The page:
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January 1976

Mechanism of the Antidiuretic Effect of ß-Adrenergic Stimulation in Man

Author Affiliations

From the Department of Medicine, Cedars-Sinai Medical Center, West Los Angeles Veterans Administration Center, and the University of California School of Medicine, Los Angeles. Dr. Levi is now with the Hasharon Hospital, Petach-Tikva, Israel, and Dr. Kleeman is with the Hebrew University, Hadassah Medical School, Jerusalem.

Arch Intern Med. 1976;136(1):25-29. doi:10.1001/archinte.1976.03630010015003

β-Adrenergic stimulation with isoproterenol hydrochloride in animals causes an antidiuresis similar to antidiuretic hormone. This investigation was undertaken to determine whether isoproterenol inhibits water diuresis in man.

Seven young male volunteers were studied during water diuresis in three phases: (1 ) water-loading, (2) water-loading plus isoproterenol, and (3) water-loading plus isoproterenol plus propranolol hydrochloride.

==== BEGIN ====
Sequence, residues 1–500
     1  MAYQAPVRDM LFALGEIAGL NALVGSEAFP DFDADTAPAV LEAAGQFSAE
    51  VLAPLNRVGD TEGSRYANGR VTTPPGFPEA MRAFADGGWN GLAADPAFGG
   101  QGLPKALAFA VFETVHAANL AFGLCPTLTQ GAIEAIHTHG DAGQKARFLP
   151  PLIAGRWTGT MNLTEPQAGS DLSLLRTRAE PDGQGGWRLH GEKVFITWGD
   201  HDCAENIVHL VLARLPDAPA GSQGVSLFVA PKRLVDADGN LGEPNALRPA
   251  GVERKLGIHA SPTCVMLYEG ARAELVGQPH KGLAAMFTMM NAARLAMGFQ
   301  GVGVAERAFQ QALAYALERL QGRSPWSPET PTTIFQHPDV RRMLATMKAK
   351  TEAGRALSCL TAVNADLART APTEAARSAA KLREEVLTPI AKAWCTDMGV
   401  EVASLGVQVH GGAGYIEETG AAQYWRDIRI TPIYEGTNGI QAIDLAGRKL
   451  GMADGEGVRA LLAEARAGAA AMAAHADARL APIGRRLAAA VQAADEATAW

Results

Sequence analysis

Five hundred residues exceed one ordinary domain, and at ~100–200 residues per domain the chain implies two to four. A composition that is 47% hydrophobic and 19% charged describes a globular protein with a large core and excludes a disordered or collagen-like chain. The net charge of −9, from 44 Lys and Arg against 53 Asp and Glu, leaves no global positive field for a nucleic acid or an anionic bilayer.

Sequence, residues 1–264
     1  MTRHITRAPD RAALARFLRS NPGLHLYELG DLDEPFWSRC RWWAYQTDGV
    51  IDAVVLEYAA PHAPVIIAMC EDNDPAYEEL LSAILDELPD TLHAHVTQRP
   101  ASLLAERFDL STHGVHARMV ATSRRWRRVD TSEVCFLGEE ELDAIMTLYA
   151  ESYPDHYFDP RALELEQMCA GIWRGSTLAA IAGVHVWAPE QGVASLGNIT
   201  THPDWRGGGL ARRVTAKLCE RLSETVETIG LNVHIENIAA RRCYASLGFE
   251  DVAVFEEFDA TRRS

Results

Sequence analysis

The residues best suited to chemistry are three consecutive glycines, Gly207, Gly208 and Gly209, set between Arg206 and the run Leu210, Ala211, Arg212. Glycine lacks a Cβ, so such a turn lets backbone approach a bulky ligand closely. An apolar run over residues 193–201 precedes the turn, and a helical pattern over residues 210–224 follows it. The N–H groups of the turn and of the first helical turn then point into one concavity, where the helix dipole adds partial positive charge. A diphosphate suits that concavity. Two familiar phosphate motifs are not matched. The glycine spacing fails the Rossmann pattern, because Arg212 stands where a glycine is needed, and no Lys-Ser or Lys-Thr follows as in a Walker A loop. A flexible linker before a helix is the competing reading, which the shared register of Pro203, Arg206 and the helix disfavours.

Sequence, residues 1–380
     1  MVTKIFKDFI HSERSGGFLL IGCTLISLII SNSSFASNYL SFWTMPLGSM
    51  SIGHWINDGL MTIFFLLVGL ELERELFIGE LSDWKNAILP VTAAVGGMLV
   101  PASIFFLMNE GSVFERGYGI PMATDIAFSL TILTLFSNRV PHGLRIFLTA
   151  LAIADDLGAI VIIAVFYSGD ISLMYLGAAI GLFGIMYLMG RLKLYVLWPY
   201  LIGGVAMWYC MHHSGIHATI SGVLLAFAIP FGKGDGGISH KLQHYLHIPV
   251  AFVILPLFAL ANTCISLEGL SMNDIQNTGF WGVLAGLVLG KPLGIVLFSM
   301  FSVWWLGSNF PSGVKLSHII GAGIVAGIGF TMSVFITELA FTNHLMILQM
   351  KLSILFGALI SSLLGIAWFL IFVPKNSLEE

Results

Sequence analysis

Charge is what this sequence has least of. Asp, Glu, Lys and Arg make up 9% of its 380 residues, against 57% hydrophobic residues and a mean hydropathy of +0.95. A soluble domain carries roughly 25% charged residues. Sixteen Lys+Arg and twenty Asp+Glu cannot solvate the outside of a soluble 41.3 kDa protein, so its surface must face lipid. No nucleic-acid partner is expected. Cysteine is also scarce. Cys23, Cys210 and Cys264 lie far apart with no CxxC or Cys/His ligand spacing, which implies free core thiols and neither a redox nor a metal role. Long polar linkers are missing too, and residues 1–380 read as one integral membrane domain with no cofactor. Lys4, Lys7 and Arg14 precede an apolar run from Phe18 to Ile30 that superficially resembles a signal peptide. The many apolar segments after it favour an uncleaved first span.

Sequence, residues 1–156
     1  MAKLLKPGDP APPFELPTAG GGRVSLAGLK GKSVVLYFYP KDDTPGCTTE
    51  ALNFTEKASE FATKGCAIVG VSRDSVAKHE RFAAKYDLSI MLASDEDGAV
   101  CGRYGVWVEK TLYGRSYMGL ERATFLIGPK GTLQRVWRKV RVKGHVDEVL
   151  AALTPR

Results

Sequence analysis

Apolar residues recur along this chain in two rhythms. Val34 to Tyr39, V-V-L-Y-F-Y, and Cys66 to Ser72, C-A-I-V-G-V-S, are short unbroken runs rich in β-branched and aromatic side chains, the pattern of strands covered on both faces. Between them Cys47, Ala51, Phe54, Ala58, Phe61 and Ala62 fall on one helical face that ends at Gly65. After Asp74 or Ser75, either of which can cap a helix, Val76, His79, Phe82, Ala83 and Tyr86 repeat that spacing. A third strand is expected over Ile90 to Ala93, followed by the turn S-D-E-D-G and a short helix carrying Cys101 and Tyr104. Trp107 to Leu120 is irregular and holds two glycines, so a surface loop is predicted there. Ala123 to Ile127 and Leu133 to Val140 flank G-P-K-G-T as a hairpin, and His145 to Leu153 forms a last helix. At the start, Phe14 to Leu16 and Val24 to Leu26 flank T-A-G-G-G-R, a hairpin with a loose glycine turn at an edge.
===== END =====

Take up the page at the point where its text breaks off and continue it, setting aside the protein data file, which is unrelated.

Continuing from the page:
Antidiuresis occurred 20 minutes following isoproterenol infusion (0.03μg to 0.06μg/kg/min) from a mean of 19.4 to 2.0 ml/min.

We found that antidiuresis is due to the hormonal (antidiuretic hormone) and nonhormonal changes (decreased glomerular filtration rate and renal plasma flow). These in turn are due to the cardiovascular effects of the drug.

(Arch Intern Med 136:25-29, 1976)

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